• IBM has engaged with communities for more than a century, and community engagement includes creating a good social environment for women and other groups that are under-represented to have access to education and needed resources and the opportunity for them to reach their potential. In 2017, IBM partnered with Girls Who Code and sponsored summer camps that helped 40,000 girls in the US to code. In addition, IBM's Tech Re-Entry program, together with the Society of Women Engineers and iRelaunch, is making it easier for women who took a break from the workforce to rejoin the tech industry.

Principal Financial Group

  • Principal Financial Group had $14.24 billion in revenue in 2018.
  • As of February 2017, women comprised 60% of its US workforce, 60% of its mentees in mentoring programs, 33% of its board members, and 42% of its executives.
  • Principal Financial Group is a Hall of Famer in the 2019 NAFE (National Association of Female Executives) Top Companies for Executive Women and also a Hall of Famer in the 2019 Working Mother 100 Best Companies. According to Beth Raymond, senior vice president and chief HR officer at Principal, the company’s culture is rooted in empowering employees to do their best and is proud of the recognition of the company's effort of the advancement of female employees.

Salesforce

  • Salesforce had $10.5 billion in revenue in 2018.
  • After implementing an equal-pay assessment, the company spent almost $3 million to eliminate the significant discrepancy across genders. In addition, during International Women's Day in March 2018, Salesforce was one of the companies at the forefront of promoting equality in the workplace through their Salesforce Women’s Network and holding more than 30 women-related campaigns and events across the globe.
  • According to Divya Ashok, Director of Product Management and President of Salesforce Women’s Network, inclusion is part of their commitment to equality to make sure they retain diverse talent and ensure that they will continue to be a destination workplace for all.

Research Strategy

To determine five market leaders or companies in the female empowerment space, we started our research by looking into different precompiled lists of companies that are considered leaders in empowering women published in 2018 and 2019. After which, we picked the five most-mentioned companies across these sources. We went through the most mentioned first before ranking them according to revenue because each of these precompiled lists has their own ranking criteria or metrics to include a company in their lists. Therefore, we can assume that the more a company is mentioned across several sources, with each having different criteria in choosing key leaders in women empowerment, the more metrics a company has hit to be considered a key leader in the specified space. Next, we looked into the 2018 revenue of the five most-mentioned companies and ranked them according to it. When then supplemented the ranking with how they are considered a market leader and their unique selling proposition in the female empowerment space from their corresponding websites and third-party press releases.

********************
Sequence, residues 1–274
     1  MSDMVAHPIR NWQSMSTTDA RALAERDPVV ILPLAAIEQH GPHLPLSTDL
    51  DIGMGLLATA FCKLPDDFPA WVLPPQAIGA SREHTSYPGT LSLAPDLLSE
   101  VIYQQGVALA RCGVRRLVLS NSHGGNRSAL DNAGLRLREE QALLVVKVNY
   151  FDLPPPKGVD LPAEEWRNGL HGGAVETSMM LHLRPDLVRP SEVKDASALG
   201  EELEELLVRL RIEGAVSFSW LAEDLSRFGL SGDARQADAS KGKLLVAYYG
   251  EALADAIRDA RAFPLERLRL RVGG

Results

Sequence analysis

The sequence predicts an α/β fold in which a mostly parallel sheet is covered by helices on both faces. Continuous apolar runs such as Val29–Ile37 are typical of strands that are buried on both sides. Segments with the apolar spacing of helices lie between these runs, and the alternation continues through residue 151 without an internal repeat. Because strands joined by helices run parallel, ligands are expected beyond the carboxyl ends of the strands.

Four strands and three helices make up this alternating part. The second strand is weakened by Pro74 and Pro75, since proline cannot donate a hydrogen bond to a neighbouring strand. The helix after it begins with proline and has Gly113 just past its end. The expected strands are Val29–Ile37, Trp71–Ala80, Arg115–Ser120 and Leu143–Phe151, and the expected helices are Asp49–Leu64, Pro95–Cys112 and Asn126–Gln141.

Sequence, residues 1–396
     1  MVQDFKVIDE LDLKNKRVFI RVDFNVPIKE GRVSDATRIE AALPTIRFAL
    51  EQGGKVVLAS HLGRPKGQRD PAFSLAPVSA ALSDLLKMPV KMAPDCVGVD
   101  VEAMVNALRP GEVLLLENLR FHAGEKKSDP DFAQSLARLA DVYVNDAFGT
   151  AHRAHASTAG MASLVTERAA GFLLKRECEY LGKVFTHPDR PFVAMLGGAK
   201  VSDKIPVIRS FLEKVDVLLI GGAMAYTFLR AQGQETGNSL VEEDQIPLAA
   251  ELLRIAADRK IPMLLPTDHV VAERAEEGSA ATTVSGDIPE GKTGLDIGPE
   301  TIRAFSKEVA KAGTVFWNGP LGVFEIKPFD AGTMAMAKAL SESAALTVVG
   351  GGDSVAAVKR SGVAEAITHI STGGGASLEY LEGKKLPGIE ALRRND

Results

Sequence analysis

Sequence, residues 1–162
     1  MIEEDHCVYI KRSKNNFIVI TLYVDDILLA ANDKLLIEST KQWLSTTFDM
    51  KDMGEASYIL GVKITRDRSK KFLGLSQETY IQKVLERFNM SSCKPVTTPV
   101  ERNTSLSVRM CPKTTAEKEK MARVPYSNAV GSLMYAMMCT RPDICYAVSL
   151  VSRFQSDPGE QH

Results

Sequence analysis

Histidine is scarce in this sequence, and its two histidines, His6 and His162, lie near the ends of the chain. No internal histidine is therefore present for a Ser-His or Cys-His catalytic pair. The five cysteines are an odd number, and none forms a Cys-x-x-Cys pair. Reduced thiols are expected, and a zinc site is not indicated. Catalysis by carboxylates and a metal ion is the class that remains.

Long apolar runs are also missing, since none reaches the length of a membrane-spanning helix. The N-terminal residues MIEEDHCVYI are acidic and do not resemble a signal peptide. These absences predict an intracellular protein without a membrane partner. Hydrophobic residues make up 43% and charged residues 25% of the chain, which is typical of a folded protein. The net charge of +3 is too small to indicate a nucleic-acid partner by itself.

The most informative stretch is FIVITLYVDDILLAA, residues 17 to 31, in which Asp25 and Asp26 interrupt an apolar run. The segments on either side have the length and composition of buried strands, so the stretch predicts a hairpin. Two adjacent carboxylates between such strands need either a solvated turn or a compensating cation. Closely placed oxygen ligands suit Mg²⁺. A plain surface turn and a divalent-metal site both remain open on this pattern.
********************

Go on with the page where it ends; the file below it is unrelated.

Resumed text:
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Part
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Sustainable textile brands

Levi Strauss & Co, Reformation and Nike are three consumer lifestyle brands and companies that are breaking ground with their expansive, comprehensive and unique suitability practices.

Levi Strauss & Co

  • This past April of 2019, San Francisco-based textile company Levi Strauss & Co was named the most sustainable fashion brand in the world by American women's magazine Good Housekeeping.
  • In particular, Levi's sustainability commitment is ground breaking not just for the scale of the company, and its related impact from sustainability efforts, but for the systematic manner in which Levi has thoughtfully executed sustainability practices throughout the lifecycle of its products.
  • For example, Levi's is making significant strides in addressing global water concerns through its Water<Less collection, which uses up to 96% less water to make, while also taking the extra step of helping to replenish global water supplies, among other efforts.
  • Similarly, Levi's has established and met aggressive climate goals, with the company achieving its 2020 climate goals across its operations two years early in 2018, including a 25% emissions reduction, the transition to 20% percent renewable energy and a 5% carbon intensity reduction per product made.
  • Meanwhile, the company has publicly launched a variety of other initiatives, including a commitment to using "Better Cotton," refreshing and recycling old denim products, making PFC-Free water-repellent textiles and more.

Reformation

  • Los Angeles-based clothing company Reformation was also named this year by Good Housekeeping as one of the world's top 16 sustainable fashion brands.
  • Similar to Levi's and Shea Brand, sustainability is integrated across the lifecycle of the company's products, but in unusually unique ways.